Aeonium was made with fineliner, acrylic, ink and varnish, before assembling the print digitally

One way to get round the file size problem is to work in stages. But a piecemeal approach creates another – albeit positive – problem, says Dawn, who wields a scalpel, cutting mat and pencil, alongside an iMac and Ion hand-held document scanner.

“Ensuring that all of the dissimilar parts come together and work as a unified whole can also be challenging, at times,” says Dawn. “But I find that
is half the fun of creating illustrations of this nature.”

And software programs must be mastered quickly, says Ollie, especially when deadlines are looming.

“Learning what all the different tools do can be daunting and time-consuming. For example, using the Pen tool in Illustrator can be tricky at first, but once you get the hang of it, you can get an individual style going,” he says.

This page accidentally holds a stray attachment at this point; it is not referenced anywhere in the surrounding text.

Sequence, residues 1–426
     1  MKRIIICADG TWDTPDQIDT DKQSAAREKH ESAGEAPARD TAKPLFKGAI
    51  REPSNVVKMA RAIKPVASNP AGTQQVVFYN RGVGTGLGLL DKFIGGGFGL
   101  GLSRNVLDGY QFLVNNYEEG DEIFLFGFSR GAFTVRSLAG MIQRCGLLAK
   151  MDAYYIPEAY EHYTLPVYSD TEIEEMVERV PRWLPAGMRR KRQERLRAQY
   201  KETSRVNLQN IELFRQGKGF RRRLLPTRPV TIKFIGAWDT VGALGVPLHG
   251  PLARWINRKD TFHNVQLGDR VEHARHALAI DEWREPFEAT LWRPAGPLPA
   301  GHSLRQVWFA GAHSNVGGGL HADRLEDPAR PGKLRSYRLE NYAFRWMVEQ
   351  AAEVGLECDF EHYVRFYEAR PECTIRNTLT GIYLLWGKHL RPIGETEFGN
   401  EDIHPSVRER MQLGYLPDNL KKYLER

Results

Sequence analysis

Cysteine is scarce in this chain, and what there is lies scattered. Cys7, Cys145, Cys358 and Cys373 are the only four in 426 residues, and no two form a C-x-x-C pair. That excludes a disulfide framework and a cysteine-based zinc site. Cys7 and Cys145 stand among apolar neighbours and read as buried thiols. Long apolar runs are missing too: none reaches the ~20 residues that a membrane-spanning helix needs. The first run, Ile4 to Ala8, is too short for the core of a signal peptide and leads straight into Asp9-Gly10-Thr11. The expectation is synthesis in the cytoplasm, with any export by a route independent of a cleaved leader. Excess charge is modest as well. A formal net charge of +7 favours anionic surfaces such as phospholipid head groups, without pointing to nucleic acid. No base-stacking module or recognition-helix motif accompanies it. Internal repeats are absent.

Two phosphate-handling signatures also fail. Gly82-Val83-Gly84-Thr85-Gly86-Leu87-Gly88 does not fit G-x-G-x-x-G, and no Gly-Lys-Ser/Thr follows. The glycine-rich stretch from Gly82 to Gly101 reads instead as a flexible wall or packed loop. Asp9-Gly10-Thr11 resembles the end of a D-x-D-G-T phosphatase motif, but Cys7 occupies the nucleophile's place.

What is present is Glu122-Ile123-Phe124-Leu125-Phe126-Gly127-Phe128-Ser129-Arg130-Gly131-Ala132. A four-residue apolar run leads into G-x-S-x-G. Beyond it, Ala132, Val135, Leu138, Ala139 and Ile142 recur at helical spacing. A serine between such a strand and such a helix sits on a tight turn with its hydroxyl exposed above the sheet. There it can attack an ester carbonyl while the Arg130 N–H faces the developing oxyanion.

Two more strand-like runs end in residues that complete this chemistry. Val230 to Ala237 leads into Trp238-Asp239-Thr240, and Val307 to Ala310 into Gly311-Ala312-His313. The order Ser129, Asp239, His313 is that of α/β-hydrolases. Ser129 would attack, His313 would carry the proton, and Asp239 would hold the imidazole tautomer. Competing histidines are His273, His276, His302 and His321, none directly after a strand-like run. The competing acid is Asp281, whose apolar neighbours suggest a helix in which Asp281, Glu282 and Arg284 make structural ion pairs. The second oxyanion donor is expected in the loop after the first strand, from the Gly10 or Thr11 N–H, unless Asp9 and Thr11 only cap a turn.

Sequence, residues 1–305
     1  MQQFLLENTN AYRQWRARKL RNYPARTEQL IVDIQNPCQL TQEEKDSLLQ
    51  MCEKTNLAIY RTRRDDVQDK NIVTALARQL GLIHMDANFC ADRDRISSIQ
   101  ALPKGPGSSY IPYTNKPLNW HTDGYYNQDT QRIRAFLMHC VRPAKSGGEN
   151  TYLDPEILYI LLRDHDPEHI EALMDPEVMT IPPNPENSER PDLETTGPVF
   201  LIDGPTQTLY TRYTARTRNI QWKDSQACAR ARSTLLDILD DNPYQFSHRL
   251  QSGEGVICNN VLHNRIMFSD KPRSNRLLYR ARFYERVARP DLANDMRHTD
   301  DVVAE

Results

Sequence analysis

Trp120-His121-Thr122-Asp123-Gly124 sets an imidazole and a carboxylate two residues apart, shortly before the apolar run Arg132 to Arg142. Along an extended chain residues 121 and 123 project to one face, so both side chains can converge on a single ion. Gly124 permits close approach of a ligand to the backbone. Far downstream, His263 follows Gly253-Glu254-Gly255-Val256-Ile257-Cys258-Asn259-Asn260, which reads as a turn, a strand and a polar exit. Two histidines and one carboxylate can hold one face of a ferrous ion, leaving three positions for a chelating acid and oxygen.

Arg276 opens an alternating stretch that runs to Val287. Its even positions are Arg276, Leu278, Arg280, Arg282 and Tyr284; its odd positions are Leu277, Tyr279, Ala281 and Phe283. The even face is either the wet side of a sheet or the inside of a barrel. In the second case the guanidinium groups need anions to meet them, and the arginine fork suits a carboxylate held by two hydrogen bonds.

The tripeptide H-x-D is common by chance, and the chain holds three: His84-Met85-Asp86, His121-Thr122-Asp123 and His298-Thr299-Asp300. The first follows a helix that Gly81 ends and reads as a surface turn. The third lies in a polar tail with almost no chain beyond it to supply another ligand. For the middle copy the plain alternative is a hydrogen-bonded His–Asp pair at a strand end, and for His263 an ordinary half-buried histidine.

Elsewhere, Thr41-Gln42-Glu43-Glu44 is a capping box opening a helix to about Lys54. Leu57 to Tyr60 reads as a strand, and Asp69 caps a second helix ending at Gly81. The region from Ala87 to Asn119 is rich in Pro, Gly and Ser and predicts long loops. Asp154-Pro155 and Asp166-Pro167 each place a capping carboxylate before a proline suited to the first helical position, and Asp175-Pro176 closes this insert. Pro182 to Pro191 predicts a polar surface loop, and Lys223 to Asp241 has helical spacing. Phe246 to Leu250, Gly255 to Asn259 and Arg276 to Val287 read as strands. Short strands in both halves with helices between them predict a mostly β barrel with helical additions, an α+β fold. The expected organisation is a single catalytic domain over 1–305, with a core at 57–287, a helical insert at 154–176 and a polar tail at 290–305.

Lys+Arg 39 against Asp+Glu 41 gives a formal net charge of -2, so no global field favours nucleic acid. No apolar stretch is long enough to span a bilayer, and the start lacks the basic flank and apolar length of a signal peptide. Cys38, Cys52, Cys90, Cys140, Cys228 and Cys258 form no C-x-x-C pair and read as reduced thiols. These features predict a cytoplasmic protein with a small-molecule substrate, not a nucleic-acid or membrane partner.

Russ Mills used emulsion, fineliner, acrylic, ink and varnish in Ricochet

“When you work professionally, five to seven days a week, you pick things up very fast. When a client is demanding stuff, you pick your feet
up and get going.”

While Ollie has a vast array of kit, including a Macbook Pro, 22-inch Apple monitor, Epson scanner, HP A3 printer, Wacom tablet, pens, pencils, Posca markers and paint, other mixed media artists with far less equipment, such as Raphaël and Sam, still achieve spectacular effects.

And although final year media and production student Mateusz bemoans the fact that he doesn’t really have enough space to build paper objects and shoot professional pictures, his work proves that – despite these obvious challenges – a mixed media approach can take our art to a whole new level.